CANBERRA, June 12 (Xinhua) -- South Australia (SA) has established its first-ever high-level counter-terrorism police unit to protect citizens from large-scale attacks.
SA's Minister for Police Corey Wingard on Wednesday announced 3 million Australian dollars (2.08 million U.S. dollars) in funding over four years for the initiative, which came after similar teams were established in New South Wales, Victoria and Queensland.
The new squad will be based at a new specially-built headquarters, the Fixated Threat Assessment Centre, at a secret location so it does not become a target for a terror attack.
News Corp Australia reported on Tuesday that students at seven public schools in SA were identified as being at-risk of religious or political radicalization in 2018.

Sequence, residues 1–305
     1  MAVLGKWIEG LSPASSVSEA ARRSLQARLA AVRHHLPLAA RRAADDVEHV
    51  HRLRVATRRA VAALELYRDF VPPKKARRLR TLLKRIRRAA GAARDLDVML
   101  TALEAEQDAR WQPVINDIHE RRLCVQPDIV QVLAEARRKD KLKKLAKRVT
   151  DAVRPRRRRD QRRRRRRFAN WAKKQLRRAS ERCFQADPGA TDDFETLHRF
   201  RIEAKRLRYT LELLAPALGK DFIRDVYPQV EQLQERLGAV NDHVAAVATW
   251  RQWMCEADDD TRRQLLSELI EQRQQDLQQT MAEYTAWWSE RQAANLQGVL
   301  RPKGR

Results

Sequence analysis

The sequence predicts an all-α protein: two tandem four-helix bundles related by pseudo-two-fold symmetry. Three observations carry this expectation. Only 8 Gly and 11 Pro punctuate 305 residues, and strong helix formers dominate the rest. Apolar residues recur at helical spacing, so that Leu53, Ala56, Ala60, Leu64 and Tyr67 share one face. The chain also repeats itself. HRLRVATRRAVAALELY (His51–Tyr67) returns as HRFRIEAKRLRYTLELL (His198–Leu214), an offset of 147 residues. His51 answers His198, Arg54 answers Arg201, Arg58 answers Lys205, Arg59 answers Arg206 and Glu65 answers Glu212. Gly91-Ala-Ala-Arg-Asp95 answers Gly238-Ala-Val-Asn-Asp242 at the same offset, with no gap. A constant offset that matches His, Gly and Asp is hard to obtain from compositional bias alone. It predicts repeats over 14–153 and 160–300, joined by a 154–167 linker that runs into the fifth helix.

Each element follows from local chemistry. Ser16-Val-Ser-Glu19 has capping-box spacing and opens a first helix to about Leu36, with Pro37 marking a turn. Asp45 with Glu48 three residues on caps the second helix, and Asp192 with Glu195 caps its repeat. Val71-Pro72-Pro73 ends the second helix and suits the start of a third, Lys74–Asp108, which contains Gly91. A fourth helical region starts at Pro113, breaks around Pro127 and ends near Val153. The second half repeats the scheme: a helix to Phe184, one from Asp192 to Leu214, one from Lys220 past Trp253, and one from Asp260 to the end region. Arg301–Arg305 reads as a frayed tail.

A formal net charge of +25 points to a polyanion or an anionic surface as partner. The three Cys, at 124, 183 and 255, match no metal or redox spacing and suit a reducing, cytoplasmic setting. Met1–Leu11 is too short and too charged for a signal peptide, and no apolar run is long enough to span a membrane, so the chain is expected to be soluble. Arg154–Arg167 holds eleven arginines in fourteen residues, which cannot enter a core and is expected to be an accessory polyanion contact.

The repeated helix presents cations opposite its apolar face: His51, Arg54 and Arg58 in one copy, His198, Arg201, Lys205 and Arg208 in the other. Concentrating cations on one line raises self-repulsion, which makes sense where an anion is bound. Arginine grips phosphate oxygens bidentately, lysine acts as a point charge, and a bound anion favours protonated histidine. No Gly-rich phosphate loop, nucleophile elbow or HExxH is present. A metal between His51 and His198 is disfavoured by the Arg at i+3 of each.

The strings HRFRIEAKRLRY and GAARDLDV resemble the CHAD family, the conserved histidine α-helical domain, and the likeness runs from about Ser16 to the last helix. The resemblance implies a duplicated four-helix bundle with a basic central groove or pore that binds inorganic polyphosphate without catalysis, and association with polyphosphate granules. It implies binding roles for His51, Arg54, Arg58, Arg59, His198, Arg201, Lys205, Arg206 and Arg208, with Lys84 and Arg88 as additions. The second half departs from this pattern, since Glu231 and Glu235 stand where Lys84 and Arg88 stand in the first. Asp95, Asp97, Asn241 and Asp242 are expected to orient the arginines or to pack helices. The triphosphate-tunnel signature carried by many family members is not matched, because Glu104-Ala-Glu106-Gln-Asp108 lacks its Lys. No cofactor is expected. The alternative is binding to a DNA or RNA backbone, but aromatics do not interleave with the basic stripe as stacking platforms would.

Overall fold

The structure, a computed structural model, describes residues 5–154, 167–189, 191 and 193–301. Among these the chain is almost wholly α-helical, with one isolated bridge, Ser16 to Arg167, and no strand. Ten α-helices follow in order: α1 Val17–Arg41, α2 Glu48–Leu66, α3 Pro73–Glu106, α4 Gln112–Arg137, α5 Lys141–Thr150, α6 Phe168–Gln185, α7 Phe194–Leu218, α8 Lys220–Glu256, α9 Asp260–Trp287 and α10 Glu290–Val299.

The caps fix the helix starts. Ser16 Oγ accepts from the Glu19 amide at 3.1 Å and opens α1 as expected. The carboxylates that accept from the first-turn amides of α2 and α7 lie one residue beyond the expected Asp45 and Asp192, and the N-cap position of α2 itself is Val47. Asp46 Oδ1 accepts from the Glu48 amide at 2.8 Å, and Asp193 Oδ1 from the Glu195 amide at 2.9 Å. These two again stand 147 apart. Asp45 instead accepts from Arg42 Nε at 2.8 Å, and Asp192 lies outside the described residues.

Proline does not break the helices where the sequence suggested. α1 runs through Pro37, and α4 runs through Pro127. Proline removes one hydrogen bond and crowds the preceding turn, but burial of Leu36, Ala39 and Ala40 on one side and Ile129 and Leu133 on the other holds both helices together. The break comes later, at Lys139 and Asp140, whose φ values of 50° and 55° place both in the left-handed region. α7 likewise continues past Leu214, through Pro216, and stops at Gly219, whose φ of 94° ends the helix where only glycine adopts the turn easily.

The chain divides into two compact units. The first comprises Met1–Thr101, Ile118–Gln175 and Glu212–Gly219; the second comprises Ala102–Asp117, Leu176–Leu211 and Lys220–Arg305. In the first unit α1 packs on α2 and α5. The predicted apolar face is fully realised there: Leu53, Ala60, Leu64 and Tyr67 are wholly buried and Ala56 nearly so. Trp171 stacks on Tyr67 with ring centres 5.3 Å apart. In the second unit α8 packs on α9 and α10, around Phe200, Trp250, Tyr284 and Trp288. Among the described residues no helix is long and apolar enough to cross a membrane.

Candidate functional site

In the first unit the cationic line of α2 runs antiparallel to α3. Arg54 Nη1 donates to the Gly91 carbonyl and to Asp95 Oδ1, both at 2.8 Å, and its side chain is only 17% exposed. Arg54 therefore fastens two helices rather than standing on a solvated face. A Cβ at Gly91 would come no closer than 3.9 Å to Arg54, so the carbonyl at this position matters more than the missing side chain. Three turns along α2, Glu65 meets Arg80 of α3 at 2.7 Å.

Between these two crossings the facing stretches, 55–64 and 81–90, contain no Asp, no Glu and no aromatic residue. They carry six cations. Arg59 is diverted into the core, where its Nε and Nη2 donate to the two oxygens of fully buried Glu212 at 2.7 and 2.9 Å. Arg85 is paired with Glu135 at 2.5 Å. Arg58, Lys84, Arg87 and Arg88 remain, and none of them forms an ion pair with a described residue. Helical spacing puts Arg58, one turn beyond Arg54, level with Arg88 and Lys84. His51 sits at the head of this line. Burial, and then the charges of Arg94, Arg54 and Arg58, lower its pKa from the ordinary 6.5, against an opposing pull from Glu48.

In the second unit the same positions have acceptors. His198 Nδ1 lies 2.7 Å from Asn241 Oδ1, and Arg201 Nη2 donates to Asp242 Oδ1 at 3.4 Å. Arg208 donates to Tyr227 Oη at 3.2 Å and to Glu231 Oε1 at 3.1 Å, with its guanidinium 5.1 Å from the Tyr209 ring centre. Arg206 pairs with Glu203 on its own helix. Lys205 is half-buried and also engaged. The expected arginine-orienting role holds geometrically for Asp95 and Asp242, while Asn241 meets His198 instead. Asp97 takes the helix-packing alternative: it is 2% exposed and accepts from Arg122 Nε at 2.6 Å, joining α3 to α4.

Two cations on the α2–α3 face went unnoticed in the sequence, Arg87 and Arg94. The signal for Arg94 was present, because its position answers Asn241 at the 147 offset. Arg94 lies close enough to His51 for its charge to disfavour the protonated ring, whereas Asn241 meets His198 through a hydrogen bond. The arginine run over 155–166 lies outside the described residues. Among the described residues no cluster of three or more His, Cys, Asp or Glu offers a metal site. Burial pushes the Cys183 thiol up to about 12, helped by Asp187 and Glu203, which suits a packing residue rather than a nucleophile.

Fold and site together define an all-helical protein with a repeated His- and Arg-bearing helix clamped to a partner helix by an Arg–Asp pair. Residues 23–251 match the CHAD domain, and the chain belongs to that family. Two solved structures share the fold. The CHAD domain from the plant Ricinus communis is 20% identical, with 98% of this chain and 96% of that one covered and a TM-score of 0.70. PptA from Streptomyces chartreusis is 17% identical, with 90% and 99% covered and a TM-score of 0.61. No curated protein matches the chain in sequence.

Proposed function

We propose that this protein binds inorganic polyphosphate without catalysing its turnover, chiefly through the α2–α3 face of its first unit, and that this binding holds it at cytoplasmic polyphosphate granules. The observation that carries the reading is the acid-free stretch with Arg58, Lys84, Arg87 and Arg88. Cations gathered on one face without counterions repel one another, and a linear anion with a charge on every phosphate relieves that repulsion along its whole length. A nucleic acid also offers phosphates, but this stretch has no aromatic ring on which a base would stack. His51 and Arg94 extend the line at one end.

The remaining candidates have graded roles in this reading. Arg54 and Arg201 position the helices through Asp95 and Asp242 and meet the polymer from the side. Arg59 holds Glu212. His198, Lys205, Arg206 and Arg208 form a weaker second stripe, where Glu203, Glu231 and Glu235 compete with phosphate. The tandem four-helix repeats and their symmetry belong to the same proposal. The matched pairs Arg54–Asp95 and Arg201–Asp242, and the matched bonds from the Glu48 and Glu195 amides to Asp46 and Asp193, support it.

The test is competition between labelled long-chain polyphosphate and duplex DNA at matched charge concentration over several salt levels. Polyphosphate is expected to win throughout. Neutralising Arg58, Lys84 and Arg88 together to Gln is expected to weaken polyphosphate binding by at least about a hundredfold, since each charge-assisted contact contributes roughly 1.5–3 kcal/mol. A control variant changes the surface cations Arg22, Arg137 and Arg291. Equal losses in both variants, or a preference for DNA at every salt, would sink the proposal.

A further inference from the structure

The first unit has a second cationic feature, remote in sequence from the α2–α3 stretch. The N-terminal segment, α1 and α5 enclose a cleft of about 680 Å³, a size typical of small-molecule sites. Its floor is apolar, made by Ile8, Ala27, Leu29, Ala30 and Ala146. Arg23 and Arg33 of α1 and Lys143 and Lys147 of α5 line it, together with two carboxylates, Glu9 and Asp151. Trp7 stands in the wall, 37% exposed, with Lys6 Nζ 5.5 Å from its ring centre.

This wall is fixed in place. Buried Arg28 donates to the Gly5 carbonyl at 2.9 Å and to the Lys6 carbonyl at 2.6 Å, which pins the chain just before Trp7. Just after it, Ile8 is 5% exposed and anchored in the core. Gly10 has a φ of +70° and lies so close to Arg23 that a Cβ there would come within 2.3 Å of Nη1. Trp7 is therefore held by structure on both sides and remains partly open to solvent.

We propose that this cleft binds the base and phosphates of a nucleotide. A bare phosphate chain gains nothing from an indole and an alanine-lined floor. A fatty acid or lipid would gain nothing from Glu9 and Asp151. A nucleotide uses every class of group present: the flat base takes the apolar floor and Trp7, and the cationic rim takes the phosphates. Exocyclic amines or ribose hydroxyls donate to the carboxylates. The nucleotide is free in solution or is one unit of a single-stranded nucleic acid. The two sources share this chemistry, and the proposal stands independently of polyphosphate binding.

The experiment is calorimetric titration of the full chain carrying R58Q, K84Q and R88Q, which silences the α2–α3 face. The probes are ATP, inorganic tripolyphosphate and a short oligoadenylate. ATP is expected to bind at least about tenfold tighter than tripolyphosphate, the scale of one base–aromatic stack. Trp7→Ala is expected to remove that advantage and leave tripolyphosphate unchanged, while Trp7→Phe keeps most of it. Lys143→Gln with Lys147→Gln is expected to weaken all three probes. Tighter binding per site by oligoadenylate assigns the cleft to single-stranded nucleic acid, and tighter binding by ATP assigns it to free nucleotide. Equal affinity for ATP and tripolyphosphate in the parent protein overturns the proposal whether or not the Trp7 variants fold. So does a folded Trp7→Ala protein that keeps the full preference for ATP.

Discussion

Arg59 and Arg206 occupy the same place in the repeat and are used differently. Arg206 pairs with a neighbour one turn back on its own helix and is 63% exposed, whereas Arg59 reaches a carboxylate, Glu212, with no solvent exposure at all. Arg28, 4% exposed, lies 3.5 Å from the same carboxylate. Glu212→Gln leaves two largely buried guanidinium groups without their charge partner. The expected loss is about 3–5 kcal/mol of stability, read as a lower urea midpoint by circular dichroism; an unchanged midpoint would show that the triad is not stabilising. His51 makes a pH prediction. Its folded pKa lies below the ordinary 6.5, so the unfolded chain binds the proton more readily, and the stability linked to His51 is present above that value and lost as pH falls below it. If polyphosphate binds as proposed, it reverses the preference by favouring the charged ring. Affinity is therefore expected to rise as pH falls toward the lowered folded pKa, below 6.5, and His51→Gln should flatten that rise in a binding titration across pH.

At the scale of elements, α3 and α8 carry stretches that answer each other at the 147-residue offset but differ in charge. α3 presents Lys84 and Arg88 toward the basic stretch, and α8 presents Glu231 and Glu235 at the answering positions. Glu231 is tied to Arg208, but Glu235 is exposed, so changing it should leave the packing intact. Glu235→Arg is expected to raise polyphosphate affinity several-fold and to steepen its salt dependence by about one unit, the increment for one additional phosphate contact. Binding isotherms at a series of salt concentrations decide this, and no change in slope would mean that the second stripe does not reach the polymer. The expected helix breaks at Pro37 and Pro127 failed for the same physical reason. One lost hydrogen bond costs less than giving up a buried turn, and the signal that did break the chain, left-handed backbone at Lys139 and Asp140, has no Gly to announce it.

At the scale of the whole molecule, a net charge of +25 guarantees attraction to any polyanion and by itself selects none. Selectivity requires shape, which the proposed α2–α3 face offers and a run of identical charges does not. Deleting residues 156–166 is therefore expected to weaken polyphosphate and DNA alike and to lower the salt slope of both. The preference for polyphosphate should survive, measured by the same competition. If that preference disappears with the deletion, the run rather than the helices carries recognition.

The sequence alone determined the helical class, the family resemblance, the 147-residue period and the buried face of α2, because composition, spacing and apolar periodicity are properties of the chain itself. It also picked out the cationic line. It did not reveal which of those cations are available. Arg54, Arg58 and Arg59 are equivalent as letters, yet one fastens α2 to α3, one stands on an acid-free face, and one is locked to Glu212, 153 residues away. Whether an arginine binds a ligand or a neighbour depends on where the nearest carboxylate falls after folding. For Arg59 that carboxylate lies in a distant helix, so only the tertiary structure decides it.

Wingard said on Wednesday that the new squad would significantly boost SA's defences against extremist events such as New Zealand's Christchurch mosque shootings on March, which were allegedly carried out by a radicalized Australian.
"Tragically, horrific incidents, such as what we saw in Christchurch earlier this year, have become a threat and South Australia is not immune to that," Wingard told News Corp on Wednesday.
"That is why the government is building a formidable defence against such behavior. This new squad will proactively act to stop such a threat from arising and, if needed, provide an important tool to our security teams if an incident occurs."
The squad will be made up of members of the SA police force (SAPOL) and SA Health specialists, including mental health workers, a psychiatrist and a psychologist.
"Outposting SA Health employees to SAPOL will enable a more immediate response to a risk, as SA Health workers have access to mental health information systems," SA's Health Minister Stephen Wade said.
"It will also allow health and law and order issues to be dealt with simultaneously."